When I asked my mother about dances/dancing in general, she gave me two quite different scenarios—one at organized dances, and the other unorganized musical gatherings. When she was in high school, she said, there was a lot of swing dancing at the school dances, and until you knew how to swing dance, it was horribly awkward. She said that dancing was influenced by Grease, but that the influences took time, so it wasn’t normal for trends to come and go quite as quickly as they do now—whether it be in behavior, dress, or media taste. Outside of school dances, as in at ‘parties’, there were things that my mom referred to as “jam sessions. Where musician friends would get together and just jam-out” (lol).
My mother was also quite similar to the women being interviewed in the article as she too referenced the cowboys as her favorite characters. She said, “Bonanza was my absolute favorite and I LOVED Hoss, one of the main characters.”
When I asked why she said simply, “because he was a cowboy, he was nice and just seemed sweet. I also liked “Little Joe” though, he was also a cowboy. I really liked the western type shows.” I tried to prod into why she liked these shows and she said that she wasn’t sure, but that it might have something to do with the fact that she really liked horse camp and the adventurous aspect of the western shows. This is particularly interesting as Gauntlett illustrated that men in the media at this time were portrayed as aggressive, adventurous, and active (47 Gauntlett)—which could perhaps provide an explanation for my own mother and the women in Mazzarella’s article having male “idols”, as they could relate to Hoss more than the women of Bonanza…who are listed in the character list as “blonde saloon girl” and “brunette saloon girl”.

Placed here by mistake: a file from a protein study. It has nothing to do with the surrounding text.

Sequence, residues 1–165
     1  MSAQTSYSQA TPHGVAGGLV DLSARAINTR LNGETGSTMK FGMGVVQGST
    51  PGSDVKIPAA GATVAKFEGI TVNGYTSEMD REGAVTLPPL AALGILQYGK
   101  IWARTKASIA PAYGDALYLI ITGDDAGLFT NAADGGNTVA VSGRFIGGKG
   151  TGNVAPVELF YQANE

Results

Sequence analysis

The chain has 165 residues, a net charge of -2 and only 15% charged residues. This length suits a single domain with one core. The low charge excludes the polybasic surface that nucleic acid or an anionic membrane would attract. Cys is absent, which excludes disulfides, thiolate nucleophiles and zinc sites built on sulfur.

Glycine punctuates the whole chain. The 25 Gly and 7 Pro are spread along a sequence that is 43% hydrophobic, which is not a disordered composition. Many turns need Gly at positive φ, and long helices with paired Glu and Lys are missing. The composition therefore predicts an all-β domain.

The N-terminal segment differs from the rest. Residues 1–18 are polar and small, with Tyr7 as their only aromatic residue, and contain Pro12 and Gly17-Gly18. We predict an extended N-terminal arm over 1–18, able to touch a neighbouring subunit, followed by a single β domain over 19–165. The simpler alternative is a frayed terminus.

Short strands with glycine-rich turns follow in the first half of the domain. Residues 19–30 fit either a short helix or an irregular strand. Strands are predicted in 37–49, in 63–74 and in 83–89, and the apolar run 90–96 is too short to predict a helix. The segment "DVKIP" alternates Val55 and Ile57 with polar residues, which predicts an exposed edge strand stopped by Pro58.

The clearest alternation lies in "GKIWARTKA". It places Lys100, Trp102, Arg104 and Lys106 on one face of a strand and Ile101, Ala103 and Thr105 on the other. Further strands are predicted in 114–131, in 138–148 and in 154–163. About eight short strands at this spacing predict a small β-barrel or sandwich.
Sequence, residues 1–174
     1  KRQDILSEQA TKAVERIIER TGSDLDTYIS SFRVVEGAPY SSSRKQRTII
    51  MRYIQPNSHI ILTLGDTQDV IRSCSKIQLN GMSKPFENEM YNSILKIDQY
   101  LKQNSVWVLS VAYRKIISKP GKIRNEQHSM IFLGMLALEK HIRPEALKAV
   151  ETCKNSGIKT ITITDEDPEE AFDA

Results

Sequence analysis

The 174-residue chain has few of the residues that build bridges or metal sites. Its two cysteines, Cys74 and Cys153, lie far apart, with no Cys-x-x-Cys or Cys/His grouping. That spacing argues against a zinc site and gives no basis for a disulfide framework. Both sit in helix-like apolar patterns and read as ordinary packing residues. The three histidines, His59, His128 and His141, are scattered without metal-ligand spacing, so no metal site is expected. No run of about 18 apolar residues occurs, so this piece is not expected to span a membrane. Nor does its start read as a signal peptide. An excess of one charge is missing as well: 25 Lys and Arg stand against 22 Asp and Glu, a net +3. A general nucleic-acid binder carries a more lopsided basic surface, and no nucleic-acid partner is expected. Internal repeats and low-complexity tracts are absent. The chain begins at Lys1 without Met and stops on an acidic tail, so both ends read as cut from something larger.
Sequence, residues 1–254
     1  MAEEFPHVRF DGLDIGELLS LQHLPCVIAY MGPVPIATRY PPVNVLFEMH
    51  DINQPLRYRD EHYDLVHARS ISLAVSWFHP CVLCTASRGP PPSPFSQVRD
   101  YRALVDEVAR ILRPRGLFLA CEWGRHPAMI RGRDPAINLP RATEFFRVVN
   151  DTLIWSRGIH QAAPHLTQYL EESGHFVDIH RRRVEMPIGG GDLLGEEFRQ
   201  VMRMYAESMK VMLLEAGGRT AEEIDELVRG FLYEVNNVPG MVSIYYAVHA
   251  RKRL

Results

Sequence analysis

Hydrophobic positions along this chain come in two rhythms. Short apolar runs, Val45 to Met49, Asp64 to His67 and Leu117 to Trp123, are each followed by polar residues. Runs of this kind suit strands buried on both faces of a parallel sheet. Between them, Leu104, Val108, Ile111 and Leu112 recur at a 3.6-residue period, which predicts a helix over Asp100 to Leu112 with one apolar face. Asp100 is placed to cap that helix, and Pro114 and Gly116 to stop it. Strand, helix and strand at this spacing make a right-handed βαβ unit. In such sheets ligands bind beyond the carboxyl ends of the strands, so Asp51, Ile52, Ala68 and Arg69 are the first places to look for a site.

All this being said, it is important to note that my mother may not have been the typical teenage girl—although I really don’t know. She said that she was too hyper to sit in front of a radio or even a TV. As a college student, my mom was a D1 athlete and said she read the newspaper every morning and read TIME magazine—but watched no TV at all. There was very little “mainstream media”, she said, “and accessibility was also a factor.”
When I asked my mom what she had wanted to do when she grew up, she said that in high school she wanted to be a lab/research scientist, but that she had neither the aptitude nor the mindset. I was pretty struck by this and it made me a little sad to hear my mother say that. When I asked about the mindset, she said “all we [she and her 3 older sisters] were encouraged to do was find a good husband”. This says something not only about the culture, but also about the role models. As was pointed out in class, a little girl will rarely say she wants to grow up to be president, but primarily because isn’t a female president. I suspect this principle may be applied to my mother’s dampened aspirations. My mother said that she was never expressly told to find a husband, but that’s what her sisters were told, and that’s what everybody else was doing. By the time my mom graduated high school, two of her sisters were married, one had a baby, and one was engaged. These women were her role models, and there were very few women to suggest that, if she so chose, she could be a research scientist.